When it comes to grilling meat, technique is important. But half the fun of a meal is not just in the technique, but the special flavors you choose to incorporate as well. In order to bring those flavors in, you’ll need a marinade, seasoning, or glaze to bring your grilling game into legendary status. Here are some tips, tricks and recipes for seasoning, marinating and glazing your meat for the grill.
The first step in imparting good texture into your meal is marinating the meat overnight. Making your own marinade is an easy way to start your meal off right! Though the marinade is important when establishing the flavor profile of your meal, it’s even more important for making sure the meat is tender, which is why most marinades include acidic ingredients like vinegar or wine in addition to oil, herbs, and spices.
Oil is arguably least important for a red meat like steak because the cut often contains enough fat on its own. Not all cuts of red meat require an overnight marinade: many chefs will tell you that it’s most useful for the tougher cuts of beef that need a little help to break down connective tissue. If you’re in search of a good marinade for a flank steak or other cut of beef, consider this Big Hoss Flank Steak recipe, which contains tasty ingredients like balsamic vinegar, worcestershire sauce, brown sugar, basil and white pepper.
There are also plenty of good fish marinades for grilling. When marinating fish, it’s important to keep acid low, as it can cook the fish if you’re not careful. It’s also not always necessary to marinate fish overnight, and a few hours will do (though if you’re prepping the night before, just make sure to wait to add your acids.)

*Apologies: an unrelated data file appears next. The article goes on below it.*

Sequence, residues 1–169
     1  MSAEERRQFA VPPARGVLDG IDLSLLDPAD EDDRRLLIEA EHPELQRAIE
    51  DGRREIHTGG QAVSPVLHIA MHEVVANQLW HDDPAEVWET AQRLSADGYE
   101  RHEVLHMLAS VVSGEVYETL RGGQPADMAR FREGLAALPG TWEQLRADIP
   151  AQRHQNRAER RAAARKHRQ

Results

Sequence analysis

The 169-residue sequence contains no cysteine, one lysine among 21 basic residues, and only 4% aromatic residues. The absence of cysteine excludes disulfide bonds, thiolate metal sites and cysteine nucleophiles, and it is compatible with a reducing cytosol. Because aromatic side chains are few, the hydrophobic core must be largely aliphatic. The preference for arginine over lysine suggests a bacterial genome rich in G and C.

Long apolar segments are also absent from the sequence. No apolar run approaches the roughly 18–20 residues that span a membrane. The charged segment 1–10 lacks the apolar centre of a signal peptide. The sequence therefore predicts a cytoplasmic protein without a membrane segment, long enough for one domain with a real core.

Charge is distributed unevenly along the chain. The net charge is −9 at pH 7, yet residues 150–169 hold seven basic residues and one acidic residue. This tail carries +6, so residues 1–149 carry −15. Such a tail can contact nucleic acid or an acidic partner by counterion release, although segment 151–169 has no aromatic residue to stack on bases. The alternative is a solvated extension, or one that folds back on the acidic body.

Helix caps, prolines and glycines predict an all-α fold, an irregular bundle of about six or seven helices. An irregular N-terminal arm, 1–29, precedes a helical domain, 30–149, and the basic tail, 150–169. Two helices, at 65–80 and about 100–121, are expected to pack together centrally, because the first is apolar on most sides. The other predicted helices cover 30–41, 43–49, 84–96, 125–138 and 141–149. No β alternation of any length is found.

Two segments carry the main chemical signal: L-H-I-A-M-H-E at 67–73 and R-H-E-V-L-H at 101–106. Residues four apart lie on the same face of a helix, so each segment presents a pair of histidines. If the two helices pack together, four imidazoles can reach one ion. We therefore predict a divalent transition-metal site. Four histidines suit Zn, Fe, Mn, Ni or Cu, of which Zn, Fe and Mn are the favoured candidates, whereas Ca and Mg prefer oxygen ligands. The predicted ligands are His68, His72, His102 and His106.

One common marinade associated with fish is a savory teriyaki sauce. Though Westerners may have a particular sauce in mind when they hear the Japanese word, “teriyaki” is directly translated to teri: luster or shine and yaki: grilled, broiled, or pan-fried. According to Just One Cookbook, which specializes in Japanese recipes, a classic Japanese teriyaki sauce would include soy sauce, sake, mirin, and a bit of sugar. You can also add ginger and/or garlic to add more of an American flavor.
Chicken, and chicken breasts in particular, really benefit from a flavorful marinade because it helps add moisture and flavor to the end product. Chefs use a variety of marinades for chicken, everything from buttermilk to pickle juice to pineapple. With a chicken marinade, your oil to acid ratio should be 1:1. It’s important to remember when marinating chicken overnight to avoid metal containers, as these can impart metallic flavors and potentially stain the container.
Acid can also have an effect on chicken, so if you’re choosing a recipe that’s acid-heavy, be sure to cook after five or six hours at maximum. If you’re looking for good marinades for kebabs, consider a chicken satay or souvlaki, or consider a fruity recipe like this orange-tarragon marinade for breasts or thighs.
Seasoning your meat before grilling can be simple: a coating of salt alone helps facilitate the kind of chemical reactions that give your meat a sear and preserve flavor. But spices and herbs can also be added to the equation to kick your recipes up a notch when you’re looking for some more complex flavors.
When it comes to steak, you should at a minimum be seasoning with salt and pepper. The two table ingredients combine to add the perfect flavor and crust to a tasty bone-in ribeye, strip steak, or any cut you’ve got.
But when should you add the salt? According to Serious Eats, you’ve got two options: right before you throw the steak on the heat or at least 40 minutes beforehand. Doing so ensures that the steak takes on a tasty sear while concentrating the flavors of the meat.